Getting in and out is surprisingly easy, thanks to shorter seat bases. This leaves more space for a graceful entry, as does the lack of a roof to stoop beneath. Unfortunately, there isn't a door handle, so you have to grab the door by the vent and slam it down. Legroom is plentiful, and obviously, headroom isn't a problem. Due to the mid-engine layout of the car, the nose dips steeply to avail you impressive forward visibility, and because the Elva is so tiny, placing it on the road is never a difficult thing to do.
As this is an MSO product, you can have whatever you want. Whatever color you choose for the exterior will spill into the inside. The layout and controls are stunning. Most surprising of all is the steering wheel, which is just that. You can only use it for steering, as it doesn't feature a single button. The drive mode selection has been moved up to the instrument cluster, and the starter, drive, neutral, and reverse buttons are neatly arranged in a row between the seats. The eight-inch infotainment system is still present but is mounted on a carbon fiber arm and angled toward the driver. Because of the unique exposed nature of the interior, McLaren uses four layers of protection and moisture-resistant materials.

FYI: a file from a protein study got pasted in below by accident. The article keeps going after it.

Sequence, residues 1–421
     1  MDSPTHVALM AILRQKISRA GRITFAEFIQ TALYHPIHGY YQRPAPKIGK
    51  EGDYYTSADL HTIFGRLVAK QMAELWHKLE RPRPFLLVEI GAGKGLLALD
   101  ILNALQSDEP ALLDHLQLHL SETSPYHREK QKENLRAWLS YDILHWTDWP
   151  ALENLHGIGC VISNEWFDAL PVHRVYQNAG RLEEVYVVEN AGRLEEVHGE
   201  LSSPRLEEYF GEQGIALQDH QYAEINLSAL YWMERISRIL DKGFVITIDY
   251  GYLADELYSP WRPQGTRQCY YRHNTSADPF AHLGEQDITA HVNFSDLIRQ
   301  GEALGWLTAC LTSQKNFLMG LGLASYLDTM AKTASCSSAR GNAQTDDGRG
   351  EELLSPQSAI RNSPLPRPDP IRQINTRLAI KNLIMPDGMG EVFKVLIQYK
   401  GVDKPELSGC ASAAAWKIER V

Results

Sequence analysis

The Elva doesn't have a trunk, but there is storage space beneath the rear tonneau. This single piece of carbon fiber has soft-close latches and has enough room for helmets. McLaren includes a helmet and a pair of weather-resistant sunglasses for free.
There's no interior storage space, apart from a single cupholder under the center armrest which is too small for any drink we know of. If you want to drink a refreshing beverage while driving the Elva, you'll have to resort to the old squeeze between the thighs trick. Best keep away from coffee.